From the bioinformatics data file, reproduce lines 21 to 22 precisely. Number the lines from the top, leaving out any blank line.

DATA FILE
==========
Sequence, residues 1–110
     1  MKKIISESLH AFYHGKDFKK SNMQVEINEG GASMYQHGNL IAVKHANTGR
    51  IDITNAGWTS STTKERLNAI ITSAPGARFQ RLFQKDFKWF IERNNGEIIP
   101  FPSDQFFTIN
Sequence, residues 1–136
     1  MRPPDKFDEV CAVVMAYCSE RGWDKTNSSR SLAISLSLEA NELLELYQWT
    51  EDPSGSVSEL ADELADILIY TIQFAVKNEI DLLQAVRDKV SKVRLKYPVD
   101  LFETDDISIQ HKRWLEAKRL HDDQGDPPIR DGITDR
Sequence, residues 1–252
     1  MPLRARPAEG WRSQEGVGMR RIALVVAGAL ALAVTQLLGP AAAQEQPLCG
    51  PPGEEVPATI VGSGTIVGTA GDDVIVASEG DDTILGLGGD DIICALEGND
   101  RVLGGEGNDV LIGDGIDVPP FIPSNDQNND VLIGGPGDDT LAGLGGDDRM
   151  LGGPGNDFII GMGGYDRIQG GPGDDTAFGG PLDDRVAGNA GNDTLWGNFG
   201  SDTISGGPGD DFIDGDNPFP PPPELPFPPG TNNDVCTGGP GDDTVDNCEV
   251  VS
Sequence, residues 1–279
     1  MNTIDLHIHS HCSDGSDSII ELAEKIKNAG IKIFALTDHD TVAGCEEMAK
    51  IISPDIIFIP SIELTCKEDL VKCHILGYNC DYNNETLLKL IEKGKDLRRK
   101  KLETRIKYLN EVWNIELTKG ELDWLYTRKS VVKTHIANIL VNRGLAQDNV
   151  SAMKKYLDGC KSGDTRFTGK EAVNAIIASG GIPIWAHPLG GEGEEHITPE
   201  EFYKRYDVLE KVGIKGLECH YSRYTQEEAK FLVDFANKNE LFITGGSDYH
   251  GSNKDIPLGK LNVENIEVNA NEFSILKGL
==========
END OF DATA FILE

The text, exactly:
   201  EFYKRYDVLE KVGIKGLECH YSRYTQEEAK FLVDFANKNE LFITGGSDYH
   251  GSNKDIPLGK LNVENIEVNA NEFSILKGL